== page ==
There was no air then, nor the space beyond it.
What covered it? Where was it? In whose keeping?
Was there then cosmic fluid, in depths unfathomed?"
RigVeda 10.129.6 (trans. A. L. Basham)
The Nāsadīya Sūkta (after the incipit ná ásat, or "not the non-existent"), also known as the Hymn of Creation, is the 129th hymn of the 10th mandala of the Rigveda (10:129). It is concerned with cosmology and the origin of the universe.
Nasadiya Sukta begins with the statement: "Then, there was neither existence, nor non-existence." It ponders when, why and by whom the universe came into being in a contemplative tone, and provides no definite answers. Rather, it concludes that the gods too may not know, as they came after creation, and that even the surveyor of that which has been created, in the highest heaven may or may not know. To this extent, the conventional English title Hymn of Creation is perhaps misleading, since the poem does not itself present a cosmogony or creation myth akin to those found in other religious texts, instead provoking the listener to question whether one can ever know the origins of the universe.
The hymn has attracted a large body of literature of commentaries both in Indian darsanas and in Western philology. The hymn, as Mandala 10 in general, is late within the Rigveda Samhita, and expresses thought more typical of later Vedantic philosophy. Even though untypical of the content of the Vedic hymns, it is one of the most widely received portions of the Rigveda. An atheist interpretation sees the Creation Hymn as one of the earliest accounts of skeptical inquiry and agnosticism. Astronomer Carl Sagan quoted it in discussing India's "tradition of skeptical questioning and unselfconscious humility before the great cosmic mysteries."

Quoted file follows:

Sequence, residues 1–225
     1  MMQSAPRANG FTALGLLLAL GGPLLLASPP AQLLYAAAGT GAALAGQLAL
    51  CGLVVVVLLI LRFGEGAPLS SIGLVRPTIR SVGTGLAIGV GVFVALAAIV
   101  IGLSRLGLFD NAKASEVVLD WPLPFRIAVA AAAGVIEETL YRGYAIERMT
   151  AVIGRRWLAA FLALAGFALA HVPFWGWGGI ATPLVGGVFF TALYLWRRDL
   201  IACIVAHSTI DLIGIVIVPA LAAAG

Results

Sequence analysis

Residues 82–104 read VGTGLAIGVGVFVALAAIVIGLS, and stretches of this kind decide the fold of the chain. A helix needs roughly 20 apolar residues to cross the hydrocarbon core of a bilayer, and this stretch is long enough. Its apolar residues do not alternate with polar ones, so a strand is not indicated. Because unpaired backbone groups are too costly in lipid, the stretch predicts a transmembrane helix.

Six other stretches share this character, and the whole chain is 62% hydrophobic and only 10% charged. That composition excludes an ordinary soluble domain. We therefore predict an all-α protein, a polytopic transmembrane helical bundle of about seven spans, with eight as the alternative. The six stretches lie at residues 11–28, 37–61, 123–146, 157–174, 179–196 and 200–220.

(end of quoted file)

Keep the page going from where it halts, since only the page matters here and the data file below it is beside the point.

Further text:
The text begins by paradoxically stating "not the non-existent existed, nor did the existent exist then" (ná ásat āsīt ná u sát āsīt tadânīm), paralleled in verse 2 by "then not death existed, nor the immortal" (ná mṛtyúḥ āsīt amŕtam ná tárhi). But already in verse 2 mention is made that there was "breathing without breath, of its own nature, that one" ânīt avātám svadháyā tát ékam). In verse 3, being unfolds, "from heat (tapas) was born that one" (tápasaḥ tát mahinâ ajāyata ékam). Verse 4 mentions desire (kāma) as the primal seed, and the first poet-seers (kavayas) who "found the bond of being within non-being with their heart's thought".
Karel Werner describes the author's source for the material as one not derived from reasoning, but a "visionary, mystical or Yogic experience put into words." Werner writes that prior to creation, the Creation Hymn does not describe a state of "nothingness" but rather "That One (tad ekam)" which is, "Spaceless, timeless, yet in its own way dynamic and the Sole Force, this Absolute..."
Brereton (1999) argues that the reference to the sages searching for being in their spirit is central, and that the hymn's gradual procession from non-being to being in fact re-enacts creation within the listener (see sphoṭa), equating poetic utterance and creation (see śabda).